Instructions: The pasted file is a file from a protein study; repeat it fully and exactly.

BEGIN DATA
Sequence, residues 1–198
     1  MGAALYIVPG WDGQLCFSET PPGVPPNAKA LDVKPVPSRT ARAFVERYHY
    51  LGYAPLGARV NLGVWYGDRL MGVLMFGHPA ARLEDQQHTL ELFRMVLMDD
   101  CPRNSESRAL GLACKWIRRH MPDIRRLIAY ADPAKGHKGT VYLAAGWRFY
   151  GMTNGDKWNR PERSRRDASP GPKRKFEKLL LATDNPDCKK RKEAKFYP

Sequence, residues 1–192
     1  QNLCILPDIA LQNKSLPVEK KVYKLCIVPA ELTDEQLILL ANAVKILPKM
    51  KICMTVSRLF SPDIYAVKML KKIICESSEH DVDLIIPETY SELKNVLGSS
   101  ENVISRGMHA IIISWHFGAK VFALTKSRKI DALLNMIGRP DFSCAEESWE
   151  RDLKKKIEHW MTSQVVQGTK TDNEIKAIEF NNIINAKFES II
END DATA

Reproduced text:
Sequence, residues 1–198
     1  MGAALYIVPG WDGQLCFSET PPGVPPNAKA LDVKPVPSRT ARAFVERYHY
    51  LGYAPLGARV NLGVWYGDRL MGVLMFGHPA ARLEDQQHTL ELFRMVLMDD
   101  CPRNSESRAL GLACKWIRRH MPDIRRLIAY ADPAKGHKGT VYLAAGWRFY
   151  GMTNGDKWNR PERSRRDASP GPKRKFEKLL LATDNPDCKK RKEAKFYP

Sequence, residues 1–192
     1  QNLCILPDIA LQNKSLPVEK KVYKLCIVPA ELTDEQLILL ANAVKILPKM
    51  KICMTVSRLF SPDIYAVKML KKIICESSEH DVDLIIPETY SELKNVLGSS
   101  ENVISRGMHA IIISWHFGAK VFALTKSRKI DALLNMIGRP DFSCAEESWE
   151  RDLKKKIEHW MTSQVVQGTK TDNEIKAIEF NNIINAKFES II